Among scientists it has been a common belief that turtles in Australia diverged in isolation from the rest of the world. But our protein studies clearly showed that some side-necked turtles in Australia are more like some South American side-necked species than they are like some other Australian side-necks. So there apparently is a closer relationship between South American and Australian animals than most current evolutionists heretofore had realized.
One of the studies in our laboratory involved some simple research on red blood cells (erythrocytes) which are quite large in turtles. Very little was known about turtle erythrocytes, and at that time (in the 1970’s) we were collecting blood from many sea turtles; so we decided that we would routinely measure the sizes of the erythrocytes. Soon we discovered that the larger turtles had larger red blood cells. This enlargement could have resulted from additional hemoglobin because of aging or physiological requirements. We derived equations for determining the size of the shell of the turtles based upon the blood cell measurements.
In connection with this study we surveyed red blood cells of various vertebrates. At that time the literature on blood of vertebrates routinely echoed nineteenth century evolutionary ideas. The most popular belief was that during the evolution from fish to amphibians to reptiles to birds and mammals the erythrocytes had become progressively smaller. Was this true or not?
So we initiated a study across the various vertebrate groups. The largest turtle cells based upon our measurements were from the largest living type of turtle, the giant leatherback sea turtle. But when we looked at the whole vertebrate picture, the many exceptions raised serious doubt about the theory of evolutionary erythrocyte sizes. The largest red cells are not in fish but rather in the amphibians with tails (urodeles). Some birds even have larger cells than some fish. So rather than trying to use an evolutionary framework, investigators should stress considerations of the entire hemodynamic (blood functioning) conditions in the various animal types. For example birds and mammals are “warm-blooded” and therefore apparently will function best with smaller erythrocytes which can load on and release oxygen more readily than larger erythrocytes could. It appears that particular animals have the particular blood cells which are best suited for their own metabolism. This is consistent with intelligent design.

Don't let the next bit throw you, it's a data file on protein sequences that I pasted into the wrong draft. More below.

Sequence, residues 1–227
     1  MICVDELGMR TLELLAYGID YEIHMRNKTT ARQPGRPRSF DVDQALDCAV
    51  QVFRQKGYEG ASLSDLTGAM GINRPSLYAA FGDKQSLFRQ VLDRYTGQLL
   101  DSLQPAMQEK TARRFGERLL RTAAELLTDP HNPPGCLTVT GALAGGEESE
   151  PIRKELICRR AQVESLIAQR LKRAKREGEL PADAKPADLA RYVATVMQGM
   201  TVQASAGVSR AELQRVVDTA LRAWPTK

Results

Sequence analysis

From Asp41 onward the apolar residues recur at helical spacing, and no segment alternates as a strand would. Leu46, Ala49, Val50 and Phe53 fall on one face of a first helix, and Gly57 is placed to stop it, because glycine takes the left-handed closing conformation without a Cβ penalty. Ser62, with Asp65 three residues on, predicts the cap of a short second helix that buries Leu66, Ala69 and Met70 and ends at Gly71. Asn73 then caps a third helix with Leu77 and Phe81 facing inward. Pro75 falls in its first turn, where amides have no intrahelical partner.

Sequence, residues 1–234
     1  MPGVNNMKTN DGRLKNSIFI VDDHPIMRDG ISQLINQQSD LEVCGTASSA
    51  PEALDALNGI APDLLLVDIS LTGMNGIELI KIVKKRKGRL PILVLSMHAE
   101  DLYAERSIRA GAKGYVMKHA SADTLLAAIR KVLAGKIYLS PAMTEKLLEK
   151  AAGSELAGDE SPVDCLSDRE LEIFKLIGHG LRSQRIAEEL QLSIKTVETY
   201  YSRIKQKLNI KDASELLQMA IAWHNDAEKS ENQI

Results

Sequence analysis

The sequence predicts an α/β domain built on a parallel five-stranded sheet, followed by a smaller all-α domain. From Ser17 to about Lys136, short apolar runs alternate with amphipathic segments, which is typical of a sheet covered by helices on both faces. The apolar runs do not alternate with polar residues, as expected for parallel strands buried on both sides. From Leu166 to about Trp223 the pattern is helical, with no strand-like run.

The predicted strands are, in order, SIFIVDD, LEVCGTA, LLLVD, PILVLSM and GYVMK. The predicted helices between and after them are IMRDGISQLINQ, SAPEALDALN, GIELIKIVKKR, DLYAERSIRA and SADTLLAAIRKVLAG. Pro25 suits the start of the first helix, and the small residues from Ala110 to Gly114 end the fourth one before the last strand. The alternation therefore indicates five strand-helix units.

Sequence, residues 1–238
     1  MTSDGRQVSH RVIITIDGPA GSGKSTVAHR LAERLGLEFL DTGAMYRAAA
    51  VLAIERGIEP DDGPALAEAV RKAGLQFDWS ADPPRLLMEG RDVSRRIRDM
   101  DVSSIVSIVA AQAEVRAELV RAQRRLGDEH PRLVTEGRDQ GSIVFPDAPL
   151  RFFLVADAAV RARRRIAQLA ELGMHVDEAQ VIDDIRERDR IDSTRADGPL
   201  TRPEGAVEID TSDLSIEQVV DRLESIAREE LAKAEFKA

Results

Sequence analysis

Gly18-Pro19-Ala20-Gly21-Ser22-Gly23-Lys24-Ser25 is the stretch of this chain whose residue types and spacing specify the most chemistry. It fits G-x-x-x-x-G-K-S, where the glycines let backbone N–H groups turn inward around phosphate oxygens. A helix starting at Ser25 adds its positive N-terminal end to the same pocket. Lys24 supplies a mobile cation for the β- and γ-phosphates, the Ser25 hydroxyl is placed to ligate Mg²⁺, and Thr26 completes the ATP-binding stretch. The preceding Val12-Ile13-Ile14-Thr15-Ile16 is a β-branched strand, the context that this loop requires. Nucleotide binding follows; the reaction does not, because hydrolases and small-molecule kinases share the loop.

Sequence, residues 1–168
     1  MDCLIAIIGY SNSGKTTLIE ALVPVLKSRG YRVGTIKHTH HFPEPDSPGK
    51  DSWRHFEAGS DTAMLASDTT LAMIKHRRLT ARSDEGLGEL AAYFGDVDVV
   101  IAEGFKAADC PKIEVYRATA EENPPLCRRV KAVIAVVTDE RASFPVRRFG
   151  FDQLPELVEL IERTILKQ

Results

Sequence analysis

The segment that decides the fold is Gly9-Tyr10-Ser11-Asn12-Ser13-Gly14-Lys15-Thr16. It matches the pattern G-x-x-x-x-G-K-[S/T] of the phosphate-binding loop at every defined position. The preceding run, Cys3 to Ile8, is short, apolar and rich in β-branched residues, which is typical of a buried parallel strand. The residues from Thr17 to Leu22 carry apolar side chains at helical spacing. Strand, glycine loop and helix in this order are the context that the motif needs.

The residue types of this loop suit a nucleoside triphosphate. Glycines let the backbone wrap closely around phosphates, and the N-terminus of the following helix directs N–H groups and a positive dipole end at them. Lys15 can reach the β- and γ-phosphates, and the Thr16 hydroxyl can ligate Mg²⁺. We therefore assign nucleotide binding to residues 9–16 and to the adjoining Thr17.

Sometimes my scientific friends and colleagues wonder what kind of game I am playing with my speaking out against evolution when of course as a scientist I certainly must believe in it. I try to explain that based upon the scientific evidence there are good reasons to doubt and even to reject macroevolution although I recognize that many fine people do accept it.
I believe that studying nature is probing the mysteries of God’s creation (Romans 1:19,20). I have worked with many scientists in a variety of projects over the years. Some have been creationists like myself, and others have been evolutionists. In fact over the years I have authored scientific papers with about seven different atheists. My philosophy has been and still is to “cooperate without compromise”, which I believe is a good way to live. Sometimes scientists with whom I was working would inject evolution into our reports. Virtually in every case this was not justified on the basis of our actual discoveries. In every situation this material was removed because it was most fair to do this. My main concern within the scientific community has been to do the very best thorough research I could.
It always is a pleasure to share my knowledge and experience with other people, and most recently I have been teaching science to some home-schooled young people. One day I asked them to bring their pet animals to the church where we meet. I brought my live turtles, and we had a good time talking about and comparing the different animals. I have hoped not only to teach about nature but also to inspire appreciation and enjoyment of God’s creation.
Subscribe to Dialogue